Progression of the Police State U.S. Style
More national spotlights are on unwarranted police brutality this week. Let’s start with a statement made by a Cincinnati prosecutor who charged a police officer with murder.
Prosecutor Joseph T. Deters became a national hero by stating ‘When I indict a murderer, I don’t pull punches’
To put it simply, Joseph T. Deters, a law-and-order Republican from Hamilton County, Ohio, is not a prosecutor who’s known for sending cops to jail.
When he announced Wednesday that he had obtained a grand jury indictment for murder against a police officer in the shooting of an unarmed black motorist, Deters, 58, became an instant celebrity.
His expressions of disgust and dismay at the traffic stop that left a motorist with a fatal gunshot wound to the head spread rapidly across social media.
“I’ve reviewed probably 100 police shootings. This was bad from the start, and you know, he’s going to have to answer for it — that’s the bottom line,” he said in an interview Thursday, referring to the officer involved. “I think it was a murder… I think we’ll win this case.”
“This is the most asinine act I’ve ever seen a police officer make,” the blue-eyed, silver-haired prosecutor told reporters, before showing Tensing’s body-camera video of the shooting. “Totally unwarranted. It’s an absolute tragedy in the year 2015 that anyone would behave in this manner.”
Across the country, many activists who have taken on the issue of police violence against African Americans seemed to be caught off guard.
“I have sincerely never seen a white prosecutor in my entire life as outraged as [prosecutor] Deters is right now about this unjustified police murder,” Shaun King, a prominent social-media activist who monitors police shootings, wrote Wednesday on Twitter.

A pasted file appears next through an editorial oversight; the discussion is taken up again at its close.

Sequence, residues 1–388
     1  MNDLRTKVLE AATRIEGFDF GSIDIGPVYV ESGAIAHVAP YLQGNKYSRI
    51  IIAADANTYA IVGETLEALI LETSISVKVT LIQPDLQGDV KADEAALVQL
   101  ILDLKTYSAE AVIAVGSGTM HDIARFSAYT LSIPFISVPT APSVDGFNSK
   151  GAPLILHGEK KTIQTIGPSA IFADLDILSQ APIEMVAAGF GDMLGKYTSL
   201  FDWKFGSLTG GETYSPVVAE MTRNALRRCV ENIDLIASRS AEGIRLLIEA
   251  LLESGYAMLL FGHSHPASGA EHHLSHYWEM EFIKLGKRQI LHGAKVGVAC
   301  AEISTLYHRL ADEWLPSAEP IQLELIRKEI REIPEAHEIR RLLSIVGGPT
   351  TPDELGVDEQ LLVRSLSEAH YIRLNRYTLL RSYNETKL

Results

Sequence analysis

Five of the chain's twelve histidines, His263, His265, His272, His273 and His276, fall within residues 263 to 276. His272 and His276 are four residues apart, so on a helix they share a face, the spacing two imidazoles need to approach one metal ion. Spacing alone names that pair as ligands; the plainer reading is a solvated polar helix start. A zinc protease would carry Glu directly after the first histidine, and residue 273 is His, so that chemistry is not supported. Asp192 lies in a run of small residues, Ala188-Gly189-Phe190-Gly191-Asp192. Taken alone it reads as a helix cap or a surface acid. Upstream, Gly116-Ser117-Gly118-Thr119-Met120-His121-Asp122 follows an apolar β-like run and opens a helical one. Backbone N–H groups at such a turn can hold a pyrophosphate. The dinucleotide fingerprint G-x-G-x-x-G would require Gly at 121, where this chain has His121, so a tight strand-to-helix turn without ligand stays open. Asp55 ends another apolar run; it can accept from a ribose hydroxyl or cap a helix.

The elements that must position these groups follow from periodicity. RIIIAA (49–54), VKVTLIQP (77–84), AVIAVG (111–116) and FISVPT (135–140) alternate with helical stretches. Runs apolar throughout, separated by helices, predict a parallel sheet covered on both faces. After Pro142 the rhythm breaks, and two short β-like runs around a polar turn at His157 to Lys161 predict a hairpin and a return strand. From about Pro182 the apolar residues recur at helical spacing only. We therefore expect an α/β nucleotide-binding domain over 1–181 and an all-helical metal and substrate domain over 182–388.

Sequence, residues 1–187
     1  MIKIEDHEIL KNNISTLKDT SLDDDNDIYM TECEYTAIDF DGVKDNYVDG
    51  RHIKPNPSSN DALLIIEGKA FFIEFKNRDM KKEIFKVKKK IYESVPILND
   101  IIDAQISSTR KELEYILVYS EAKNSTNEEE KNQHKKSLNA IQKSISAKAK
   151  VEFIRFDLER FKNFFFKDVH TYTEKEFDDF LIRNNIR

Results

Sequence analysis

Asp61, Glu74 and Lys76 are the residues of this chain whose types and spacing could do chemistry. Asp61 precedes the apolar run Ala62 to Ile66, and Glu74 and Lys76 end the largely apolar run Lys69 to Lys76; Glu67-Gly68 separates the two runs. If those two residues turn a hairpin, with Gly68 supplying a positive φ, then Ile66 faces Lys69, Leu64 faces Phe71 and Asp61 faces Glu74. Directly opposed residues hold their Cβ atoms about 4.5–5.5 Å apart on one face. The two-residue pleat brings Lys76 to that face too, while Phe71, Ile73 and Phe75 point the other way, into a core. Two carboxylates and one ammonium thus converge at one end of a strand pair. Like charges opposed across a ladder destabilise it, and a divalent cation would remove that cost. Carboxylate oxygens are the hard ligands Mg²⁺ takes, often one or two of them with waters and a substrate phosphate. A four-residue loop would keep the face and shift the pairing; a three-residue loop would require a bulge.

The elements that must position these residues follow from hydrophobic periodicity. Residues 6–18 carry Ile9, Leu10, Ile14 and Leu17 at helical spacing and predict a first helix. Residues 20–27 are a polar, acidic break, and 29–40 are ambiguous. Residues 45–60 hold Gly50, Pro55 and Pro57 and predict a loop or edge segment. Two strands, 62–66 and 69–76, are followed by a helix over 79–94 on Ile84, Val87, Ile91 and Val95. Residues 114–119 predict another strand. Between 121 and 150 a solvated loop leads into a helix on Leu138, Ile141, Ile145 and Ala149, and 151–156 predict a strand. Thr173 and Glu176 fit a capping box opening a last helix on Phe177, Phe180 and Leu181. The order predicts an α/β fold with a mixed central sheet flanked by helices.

A top police union official said he was also surprised.
“Some of the remarks he made were way out of line,” said Jay McDonald, president of the Ohio Fraternal Order of Police, which has 25,000 members and will provide Tensing’s legal defense.
Not Surprised at All
I am not at all surprised by the statements made by Jay McDonald, president of the Ohio Fraternal Order of Police.
Teachers’ unions defend child molesters and police unions defend murderers. No one should be surprised by unions defending their clan.
When told that union officials had disagreed with his remarks, Deters didn’t flinch.
“Too bad,” he said Thursday. “When I indict a murderer, I don’t pull punches.”
Deters called it “outrageous” that a traffic stop for a missing front license plate should lead to an “execution.”
“And if they don’t like it, they shouldn’t be police officers, and if they don’t want to endorse me again, I couldn’t give a s—,” Deters said of union officials.
“This was a flat-out murder, you know?” he said. “If you don’t see what this is, you shouldn’t be in law enforcement. I think it’s horrible. That could’ve been your kid, my brother. I just think it’s horrendous.”
Deters On Marijuana
Deters has also questioned whether marijuana should be illegal, and chaired a task force this year to examine the drug’s legalization.
“We were just shocked by that — absolutely shocked by that — especially given his background and what he’s done before,” said Marcie Seidel, executive director of Drug Free Action Alliance, a Columbus-based anti-drug group.
Deters says he is concerned that marijuana charges tend to “skew” more toward the black community. “I would rather a guy smoke a joint than drink a bottle of vodka…. I don’t have any problem legalizing it at all,” he said.
This guy gets my endorsement for both positions.
Police Brutality Exposed Through “Lens of Video”
The New York Times has a video of the Cincinnati murder as well as numerous other police brutality cases. Please have a look.
Here is a link to the story behind the video: Glare of Video Is Shifting Public’s View of Police
Mike “Mish” Shedlock